Dems send landmark climate, tax and health care bill to Biden’s desk

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Democrats have notched their biggest victory since taking full control of Washington 19 months ago. The November fragrance of their late political bloom remains to be seen.

Every House Democrat on Friday evening gave final approval, along party lines, to a health care, climate and tax bill, delivering on a key campaign promise of Joe Biden’s presidency and capping more than a year of talks on the Hill.

The legislation represents the largest investment in addressing climate change in U.S. history, allows Medicare to negotiate with pharmaceutical companies on the costliest prescription drugs and extends health care subsidies through the 2024 election. Biden is expected to swiftly sign the bill.

Minutes after voting, progressive Rep. Chuy García (D-Ill.) summed up the day like this: “Just when you thought nothing big would happen, turned out that something big could happen ... it’s a great day.”

Republicans sharply opposed the package, which is financed largely by tax increases on large corporations and would reduce the U.S. deficit over time, according to nonpartisan analysis.

“I’ve been saying for a long time now that Joe Biden is to this country what Harry Truman was back in the 1940s,” House Majority Whip Jim Clyburn (D-S.C.) said, while acknowledging that the bill isn’t everything Democrats wanted: “But I’ve always said a half loaf is better than no loaf. You come back and get the other half if we can have a successful election in November and get the numbers we need.”

House Democratic Caucus Chair Hakeem Jeffries (D-N.Y.) was more blunt in his Friday floor speech: “It’s a big effing deal.”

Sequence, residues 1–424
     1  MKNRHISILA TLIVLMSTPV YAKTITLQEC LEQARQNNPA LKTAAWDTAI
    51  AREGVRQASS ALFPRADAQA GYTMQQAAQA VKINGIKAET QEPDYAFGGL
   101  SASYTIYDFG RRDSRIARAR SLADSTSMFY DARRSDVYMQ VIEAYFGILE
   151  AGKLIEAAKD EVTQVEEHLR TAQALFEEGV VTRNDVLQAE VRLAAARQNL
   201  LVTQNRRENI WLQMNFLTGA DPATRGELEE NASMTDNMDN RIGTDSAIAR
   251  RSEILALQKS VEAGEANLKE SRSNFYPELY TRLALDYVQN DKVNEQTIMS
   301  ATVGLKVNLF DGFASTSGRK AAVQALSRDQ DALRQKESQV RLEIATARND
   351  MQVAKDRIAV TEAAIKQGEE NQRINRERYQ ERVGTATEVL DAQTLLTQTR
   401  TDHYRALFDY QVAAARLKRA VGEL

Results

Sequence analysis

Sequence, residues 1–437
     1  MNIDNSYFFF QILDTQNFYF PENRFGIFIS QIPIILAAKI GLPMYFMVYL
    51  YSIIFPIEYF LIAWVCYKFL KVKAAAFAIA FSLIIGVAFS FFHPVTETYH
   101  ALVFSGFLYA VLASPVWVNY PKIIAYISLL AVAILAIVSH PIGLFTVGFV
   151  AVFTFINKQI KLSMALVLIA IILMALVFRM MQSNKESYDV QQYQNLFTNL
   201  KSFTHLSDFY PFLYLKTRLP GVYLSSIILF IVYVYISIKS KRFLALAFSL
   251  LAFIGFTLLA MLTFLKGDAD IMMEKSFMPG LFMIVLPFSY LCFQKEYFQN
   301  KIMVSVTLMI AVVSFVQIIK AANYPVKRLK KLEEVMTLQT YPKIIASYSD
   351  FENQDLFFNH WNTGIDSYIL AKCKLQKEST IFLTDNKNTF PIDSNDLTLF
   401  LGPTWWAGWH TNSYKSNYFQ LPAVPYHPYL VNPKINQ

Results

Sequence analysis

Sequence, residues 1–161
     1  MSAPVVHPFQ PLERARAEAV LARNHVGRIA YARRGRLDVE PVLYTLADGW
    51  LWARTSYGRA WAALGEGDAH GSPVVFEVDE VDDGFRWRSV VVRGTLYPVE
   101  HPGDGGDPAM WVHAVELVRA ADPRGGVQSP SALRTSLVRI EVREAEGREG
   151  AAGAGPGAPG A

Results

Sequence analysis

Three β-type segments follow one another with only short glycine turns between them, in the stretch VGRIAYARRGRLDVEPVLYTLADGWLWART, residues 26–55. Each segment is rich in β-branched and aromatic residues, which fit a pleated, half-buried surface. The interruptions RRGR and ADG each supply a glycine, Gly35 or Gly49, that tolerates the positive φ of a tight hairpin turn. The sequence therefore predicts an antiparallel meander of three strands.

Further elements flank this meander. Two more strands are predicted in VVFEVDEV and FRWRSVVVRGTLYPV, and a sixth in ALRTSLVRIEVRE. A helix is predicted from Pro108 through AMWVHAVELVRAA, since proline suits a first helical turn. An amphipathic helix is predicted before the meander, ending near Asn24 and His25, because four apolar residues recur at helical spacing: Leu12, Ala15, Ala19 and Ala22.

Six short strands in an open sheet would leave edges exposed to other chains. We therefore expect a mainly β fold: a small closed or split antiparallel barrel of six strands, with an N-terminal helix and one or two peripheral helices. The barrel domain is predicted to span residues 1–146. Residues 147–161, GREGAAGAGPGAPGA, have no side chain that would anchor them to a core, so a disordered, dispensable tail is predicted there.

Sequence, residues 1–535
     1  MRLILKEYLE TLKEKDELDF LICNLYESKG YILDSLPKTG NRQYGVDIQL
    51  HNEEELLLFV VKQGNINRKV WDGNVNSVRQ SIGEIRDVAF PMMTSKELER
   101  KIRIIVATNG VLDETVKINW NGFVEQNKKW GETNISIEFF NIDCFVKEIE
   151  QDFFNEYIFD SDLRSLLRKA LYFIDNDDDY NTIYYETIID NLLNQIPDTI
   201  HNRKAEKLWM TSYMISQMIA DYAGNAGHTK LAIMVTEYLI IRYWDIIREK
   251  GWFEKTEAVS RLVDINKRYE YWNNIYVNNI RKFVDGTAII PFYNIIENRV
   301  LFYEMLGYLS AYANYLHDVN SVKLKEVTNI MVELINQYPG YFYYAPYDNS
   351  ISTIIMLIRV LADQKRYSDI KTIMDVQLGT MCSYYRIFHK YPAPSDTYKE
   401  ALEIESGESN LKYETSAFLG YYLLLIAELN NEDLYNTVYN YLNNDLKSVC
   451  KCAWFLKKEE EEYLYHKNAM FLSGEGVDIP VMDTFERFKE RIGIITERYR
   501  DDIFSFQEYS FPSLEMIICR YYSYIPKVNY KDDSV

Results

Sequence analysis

Of course, it’s uncertain whether one bill is enough to turn around the historic headwinds and inflation angst that have put the House majority out of reach for Democrats this fall and imperiled their control of the Senate, according to most polls. And the party must now sell the bill to voters who won’t see much of its benefits for years — not to mention its own progressive base, where there’s keen awareness of how many priorities got dropped.

Even so, three months before Election Day, many party lawmakers are the most upbeat they’ve been in months about their chances to defy, or at least temper, the GOP’s advantage.

“I do think we have a really good story to tell. And we need to sing it from every rooftop over the next couple of months,” said Congressional Progressive Caucus Chair Rep. Pramila Jayapal (D-Wash.).

Democrats walked a winding and occasionally treacherous path to this moment, pressing past months of internal tension between liberals and centrists over the scope of the bill once called “Build Back Better” and now redesigned as the “Inflation Reduction Act.” Now that their legislation is on the verge of becoming law, the terrain ahead could be similarly tough without an aggressive push to promote it.

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